Origins of World Day of Prayer
The origins of World Day of Prayer date back to the 19th century when Christian women of the United States and Canada initiated a variety of cooperative activities in support of women’s involvement in mission at home and in other parts of the world.
Women had a strong sense of identification with the needs of women and children and searched for ways to provide support. Despite strong resistance from all-male mission boards, beginning in 1861 women founded many women’s boards for foreign and home missions where they could work directly with other women and children.
Women were encouraged to engage in personal prayer and take leadership within their mission auxiliaries and associations. This emphasis on prayer led to annual days and weeks of prayer. In 1887 Presbyterian women called for a day of prayer for home missions and Methodist women called for a week of prayer and self-denial for foreign missions. A Baptist day of prayer for foreign missions began in 1891.
Women had a vision of Christian unity that was essential to their exercise of mission. By 1897 six denominations had formed a committee for a united day of prayer for home missions. In 1911 women celebrated the 50th anniversary of women’s missionary activity by organizing a series of speaking engagements across the US providing other women with a powerful experience of ecumenical cooperation and fellowship. Women of the six participating denominations wrote a common worship service on a rotating basis and in 1912 called for a united day of prayer for foreign missions.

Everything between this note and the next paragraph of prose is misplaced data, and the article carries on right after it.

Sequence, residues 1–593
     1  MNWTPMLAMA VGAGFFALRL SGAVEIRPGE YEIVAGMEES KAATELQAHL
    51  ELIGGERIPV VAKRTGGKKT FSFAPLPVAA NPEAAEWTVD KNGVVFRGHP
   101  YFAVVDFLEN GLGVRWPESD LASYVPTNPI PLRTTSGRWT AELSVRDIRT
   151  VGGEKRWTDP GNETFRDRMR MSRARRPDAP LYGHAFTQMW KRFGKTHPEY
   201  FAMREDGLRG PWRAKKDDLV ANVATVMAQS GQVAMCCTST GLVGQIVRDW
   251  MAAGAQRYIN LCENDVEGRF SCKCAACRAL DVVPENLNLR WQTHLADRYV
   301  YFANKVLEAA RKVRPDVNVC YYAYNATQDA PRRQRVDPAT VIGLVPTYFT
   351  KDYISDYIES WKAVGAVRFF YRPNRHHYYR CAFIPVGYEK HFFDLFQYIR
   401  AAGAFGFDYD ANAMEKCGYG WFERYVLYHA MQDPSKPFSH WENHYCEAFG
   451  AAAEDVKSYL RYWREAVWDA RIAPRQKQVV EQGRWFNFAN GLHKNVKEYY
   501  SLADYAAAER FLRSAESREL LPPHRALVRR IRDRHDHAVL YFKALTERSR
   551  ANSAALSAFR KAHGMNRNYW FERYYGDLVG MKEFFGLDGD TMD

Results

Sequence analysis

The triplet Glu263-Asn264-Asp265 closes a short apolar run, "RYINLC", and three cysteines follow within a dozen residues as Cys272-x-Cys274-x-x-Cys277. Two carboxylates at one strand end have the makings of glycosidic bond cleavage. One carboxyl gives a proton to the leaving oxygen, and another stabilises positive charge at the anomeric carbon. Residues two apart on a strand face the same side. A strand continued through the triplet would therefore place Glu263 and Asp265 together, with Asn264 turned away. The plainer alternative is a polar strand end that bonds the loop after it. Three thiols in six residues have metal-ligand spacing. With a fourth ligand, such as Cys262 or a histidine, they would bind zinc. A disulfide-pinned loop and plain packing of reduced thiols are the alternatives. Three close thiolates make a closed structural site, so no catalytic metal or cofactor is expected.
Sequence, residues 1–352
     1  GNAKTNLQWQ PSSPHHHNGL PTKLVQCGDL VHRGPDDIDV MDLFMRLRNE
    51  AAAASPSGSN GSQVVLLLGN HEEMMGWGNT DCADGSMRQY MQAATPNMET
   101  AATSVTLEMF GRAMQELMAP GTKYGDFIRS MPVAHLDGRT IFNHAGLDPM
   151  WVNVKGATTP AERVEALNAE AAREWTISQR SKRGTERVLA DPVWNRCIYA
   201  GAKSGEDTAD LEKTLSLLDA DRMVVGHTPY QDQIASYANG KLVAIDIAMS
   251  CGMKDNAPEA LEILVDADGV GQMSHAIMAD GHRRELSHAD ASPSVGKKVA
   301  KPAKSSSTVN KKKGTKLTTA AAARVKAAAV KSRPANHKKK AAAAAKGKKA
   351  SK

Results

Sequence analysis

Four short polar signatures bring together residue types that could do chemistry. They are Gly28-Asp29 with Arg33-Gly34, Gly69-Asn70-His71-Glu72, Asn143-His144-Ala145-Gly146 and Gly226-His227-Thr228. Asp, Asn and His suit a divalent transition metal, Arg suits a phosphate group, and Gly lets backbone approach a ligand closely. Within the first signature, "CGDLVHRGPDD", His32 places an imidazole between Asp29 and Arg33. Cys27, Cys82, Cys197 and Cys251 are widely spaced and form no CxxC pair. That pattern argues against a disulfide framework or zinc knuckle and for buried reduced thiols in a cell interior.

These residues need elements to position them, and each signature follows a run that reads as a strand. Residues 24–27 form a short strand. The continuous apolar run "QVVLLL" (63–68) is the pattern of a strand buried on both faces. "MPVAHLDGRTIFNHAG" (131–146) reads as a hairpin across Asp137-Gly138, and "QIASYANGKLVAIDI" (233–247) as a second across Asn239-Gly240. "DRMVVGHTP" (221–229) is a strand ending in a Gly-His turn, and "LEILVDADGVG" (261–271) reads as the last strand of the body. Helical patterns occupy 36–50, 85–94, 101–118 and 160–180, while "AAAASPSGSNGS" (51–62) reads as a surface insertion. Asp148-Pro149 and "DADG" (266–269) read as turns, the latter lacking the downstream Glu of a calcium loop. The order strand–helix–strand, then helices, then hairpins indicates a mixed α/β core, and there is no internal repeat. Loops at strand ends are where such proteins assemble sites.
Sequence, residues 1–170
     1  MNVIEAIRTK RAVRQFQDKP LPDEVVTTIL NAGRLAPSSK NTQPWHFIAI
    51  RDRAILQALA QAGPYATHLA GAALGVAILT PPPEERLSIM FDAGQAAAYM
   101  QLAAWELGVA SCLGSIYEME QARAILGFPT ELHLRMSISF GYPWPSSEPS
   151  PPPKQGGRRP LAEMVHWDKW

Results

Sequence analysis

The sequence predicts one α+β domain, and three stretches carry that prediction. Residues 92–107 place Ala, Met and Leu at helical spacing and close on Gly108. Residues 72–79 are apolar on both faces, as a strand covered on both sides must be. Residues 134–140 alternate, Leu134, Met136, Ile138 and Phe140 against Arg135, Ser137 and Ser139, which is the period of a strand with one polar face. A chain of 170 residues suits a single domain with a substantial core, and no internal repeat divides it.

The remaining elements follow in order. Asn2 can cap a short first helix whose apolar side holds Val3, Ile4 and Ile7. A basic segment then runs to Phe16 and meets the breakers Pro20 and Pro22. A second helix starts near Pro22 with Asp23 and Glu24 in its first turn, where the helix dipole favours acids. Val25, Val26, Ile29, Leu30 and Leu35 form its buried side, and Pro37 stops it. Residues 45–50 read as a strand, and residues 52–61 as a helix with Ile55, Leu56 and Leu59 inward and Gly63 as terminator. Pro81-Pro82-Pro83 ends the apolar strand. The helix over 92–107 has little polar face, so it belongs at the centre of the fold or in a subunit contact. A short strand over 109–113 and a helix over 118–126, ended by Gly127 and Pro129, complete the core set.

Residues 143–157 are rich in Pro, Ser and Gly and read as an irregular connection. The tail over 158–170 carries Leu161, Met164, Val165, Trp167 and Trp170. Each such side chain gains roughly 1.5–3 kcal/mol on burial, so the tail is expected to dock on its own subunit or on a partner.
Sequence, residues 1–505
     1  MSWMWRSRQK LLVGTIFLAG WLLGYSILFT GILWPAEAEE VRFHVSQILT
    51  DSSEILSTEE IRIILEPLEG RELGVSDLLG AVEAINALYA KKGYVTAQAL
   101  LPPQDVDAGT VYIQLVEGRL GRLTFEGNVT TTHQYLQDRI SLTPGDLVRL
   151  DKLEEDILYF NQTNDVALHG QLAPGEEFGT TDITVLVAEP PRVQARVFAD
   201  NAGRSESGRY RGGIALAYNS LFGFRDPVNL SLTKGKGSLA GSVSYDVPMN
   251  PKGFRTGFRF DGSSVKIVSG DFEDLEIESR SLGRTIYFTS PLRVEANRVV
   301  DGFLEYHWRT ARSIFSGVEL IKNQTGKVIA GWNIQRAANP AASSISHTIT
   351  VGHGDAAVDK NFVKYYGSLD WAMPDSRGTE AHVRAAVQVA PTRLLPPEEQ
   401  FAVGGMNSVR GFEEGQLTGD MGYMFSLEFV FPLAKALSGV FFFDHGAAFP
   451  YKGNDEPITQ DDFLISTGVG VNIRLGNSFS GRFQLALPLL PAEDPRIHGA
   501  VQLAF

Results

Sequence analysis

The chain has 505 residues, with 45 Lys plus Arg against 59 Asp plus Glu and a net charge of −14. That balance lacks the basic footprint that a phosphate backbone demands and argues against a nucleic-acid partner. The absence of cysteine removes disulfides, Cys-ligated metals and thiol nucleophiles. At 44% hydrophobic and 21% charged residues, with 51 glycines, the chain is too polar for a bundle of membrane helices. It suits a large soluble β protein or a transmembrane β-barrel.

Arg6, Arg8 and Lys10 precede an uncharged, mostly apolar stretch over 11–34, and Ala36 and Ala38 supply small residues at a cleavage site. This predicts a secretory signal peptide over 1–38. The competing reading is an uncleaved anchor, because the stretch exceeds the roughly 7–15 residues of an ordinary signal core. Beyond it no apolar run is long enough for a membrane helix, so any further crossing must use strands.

After the devastation of World War I, women incorporated the conviction that world peace was intrinsically tied to world mission and renewed their efforts for unity. The first Friday of Lent was established as a joint day of prayer for missions and celebrated for the first time on February 20, 1920. Due to the enthusiasm of denominational and interdenominational women’s groups, world spread rapidly throughout the USA. In 1922, Canadian women who had begun celebrating a day of prayer in 1895, took up the same date.
In 1926 women in North America distributed the worship service to as many countries and partners in mission as they could. The worldwide response was enthusiastic. By 1927 the call to prayer was issued for a World Day of Prayer for Missions. The title was shortened to World Day of Prayer in 1928 and that same year, this statement came from the World Day of Prayer Committee:
It is with deep gratitude that we recognize the growing power inherent in our World Day of Prayer. A very decided expansion of this prayer fellowship has come during the past year. The circle of prayer has expanded literally around the world. We have learned the great lesson of praying with, rather than for, our sisters of other races and nations, thus enriching our experience and releasing the power which must be ours if we are to accomplish tasks entrusted to us.